In addition to any of that, that the article specifically mentions open-world games, which run contradictory to the cultural preference for well-defined goals that can be seen in jRPGs. Japanese entertainment in general tends to have stronger storytelling which expects more attention span and maturity from its intended audience than western entertainment aimed at the same age group; this is most clearly seen in the fact that Western TV and comics are often episodic, while Japanese TV and manga are rarely so.

But there is a reason for that. If your show is serialized, you can't just start watching it middle of the season and know what's going on. Though serialized provides more story line, it is more inconvenient. Just heard of the amazing TV show Game of thrones? But it is already on episode 6? Too bad, you can't watch it anymore.
[/quote]


There may be a reason for it but that doesn't mean everyone enjoys TV structured in that way. Sun was saying that the Japanese tend to enjoy TV or comics that are serialized over those that are episodic. That doesn't mean that they don't have them but that it just isn't as popular in Japanese media as it is in western.

On a side note the downsides of a TV show like Game of Thrones are a lot less deal breaking than they used to be. The ability to stream TV shows over the Internet/TV itself soon after they are broadcast means that you can catch up on almost any show and regular DvD releases mean you can buy a hard-copy to watch at your own pace soon after the season ends.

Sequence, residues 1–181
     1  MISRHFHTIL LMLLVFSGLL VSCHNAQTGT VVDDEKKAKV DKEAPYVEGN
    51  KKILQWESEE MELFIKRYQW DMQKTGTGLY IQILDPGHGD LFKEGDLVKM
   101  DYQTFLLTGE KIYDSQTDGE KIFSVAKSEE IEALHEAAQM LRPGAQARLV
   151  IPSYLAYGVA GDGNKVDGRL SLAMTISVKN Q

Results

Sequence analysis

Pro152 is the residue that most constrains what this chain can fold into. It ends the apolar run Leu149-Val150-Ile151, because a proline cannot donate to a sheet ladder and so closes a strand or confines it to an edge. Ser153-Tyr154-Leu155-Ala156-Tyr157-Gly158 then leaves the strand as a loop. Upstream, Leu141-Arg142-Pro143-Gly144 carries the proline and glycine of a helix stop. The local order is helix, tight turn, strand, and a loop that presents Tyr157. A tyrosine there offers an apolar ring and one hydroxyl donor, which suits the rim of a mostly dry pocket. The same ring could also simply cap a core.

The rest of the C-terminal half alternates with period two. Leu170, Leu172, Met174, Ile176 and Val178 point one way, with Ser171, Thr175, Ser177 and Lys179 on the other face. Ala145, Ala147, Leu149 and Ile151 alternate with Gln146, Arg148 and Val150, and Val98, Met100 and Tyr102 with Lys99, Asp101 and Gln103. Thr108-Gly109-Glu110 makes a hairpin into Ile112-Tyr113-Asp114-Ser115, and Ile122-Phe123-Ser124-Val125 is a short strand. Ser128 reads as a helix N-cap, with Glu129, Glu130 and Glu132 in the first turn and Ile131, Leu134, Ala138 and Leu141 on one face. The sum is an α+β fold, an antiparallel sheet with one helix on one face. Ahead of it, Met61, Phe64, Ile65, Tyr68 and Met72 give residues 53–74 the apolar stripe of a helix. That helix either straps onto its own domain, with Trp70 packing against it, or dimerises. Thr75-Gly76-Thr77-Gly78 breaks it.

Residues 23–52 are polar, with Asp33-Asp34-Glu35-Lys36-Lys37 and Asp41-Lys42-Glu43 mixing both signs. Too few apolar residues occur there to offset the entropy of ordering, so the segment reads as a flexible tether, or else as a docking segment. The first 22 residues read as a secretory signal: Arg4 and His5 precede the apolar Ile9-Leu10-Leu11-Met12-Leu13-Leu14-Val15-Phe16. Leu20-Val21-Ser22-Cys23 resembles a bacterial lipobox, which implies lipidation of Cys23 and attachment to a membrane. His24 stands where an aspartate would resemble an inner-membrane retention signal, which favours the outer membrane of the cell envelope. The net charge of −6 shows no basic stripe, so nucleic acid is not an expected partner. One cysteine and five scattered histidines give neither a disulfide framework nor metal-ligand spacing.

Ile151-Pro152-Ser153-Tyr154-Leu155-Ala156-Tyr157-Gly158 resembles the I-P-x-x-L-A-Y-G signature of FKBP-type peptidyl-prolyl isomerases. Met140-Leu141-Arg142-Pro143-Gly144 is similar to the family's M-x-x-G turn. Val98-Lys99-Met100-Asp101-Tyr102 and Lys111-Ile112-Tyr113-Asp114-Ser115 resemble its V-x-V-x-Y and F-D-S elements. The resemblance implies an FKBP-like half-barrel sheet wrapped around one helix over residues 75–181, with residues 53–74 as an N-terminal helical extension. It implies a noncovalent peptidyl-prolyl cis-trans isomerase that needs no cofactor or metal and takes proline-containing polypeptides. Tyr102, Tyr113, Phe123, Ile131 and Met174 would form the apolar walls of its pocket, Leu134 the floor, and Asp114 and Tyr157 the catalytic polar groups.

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[quote name='sunandshadow' timestamp='1321140286' post='4883311']
In addition to any of that, that the article specifically mentions open-world games, which run contradictory to the cultural preference for well-defined goals that can be seen in jRPGs. Japanese entertainment in general tends to have stronger storytelling which expects more attention span and maturity from its intended audience than western entertainment aimed at the same age group; this is most clearly seen in the fact that Western TV and comics are often episodic, while Japanese TV and manga are rarely so.

But there is a reason for that. If your show is serialized, you can't just start watching it middle of the season and know what's going on. Though serialized provides more story line, it is more inconvenient. Just heard of the amazing TV show Game of thrones? But it is already on episode 6? Too bad, you can't watch it anymore.
[/quote]